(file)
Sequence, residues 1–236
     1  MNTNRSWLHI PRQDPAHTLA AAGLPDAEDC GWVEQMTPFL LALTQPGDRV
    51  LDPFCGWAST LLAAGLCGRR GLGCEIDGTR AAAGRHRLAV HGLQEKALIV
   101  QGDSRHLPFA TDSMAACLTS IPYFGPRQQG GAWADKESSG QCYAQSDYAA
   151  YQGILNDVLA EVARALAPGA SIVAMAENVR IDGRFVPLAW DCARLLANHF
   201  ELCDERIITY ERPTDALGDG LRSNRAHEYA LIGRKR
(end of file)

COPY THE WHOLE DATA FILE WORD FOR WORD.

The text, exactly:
Sequence, residues 1–236
     1  MNTNRSWLHI PRQDPAHTLA AAGLPDAEDC GWVEQMTPFL LALTQPGDRV
    51  LDPFCGWAST LLAAGLCGRR GLGCEIDGTR AAAGRHRLAV HGLQEKALIV
   101  QGDSRHLPFA TDSMAACLTS IPYFGPRQQG GAWADKESSG QCYAQSDYAA
   151  YQGILNDVLA EVARALAPGA SIVAMAENVR IDGRFVPLAW DCARLLANHF
   201  ELCDERIITY ERPTDALGDG LRSNRAHEYA LIGRKR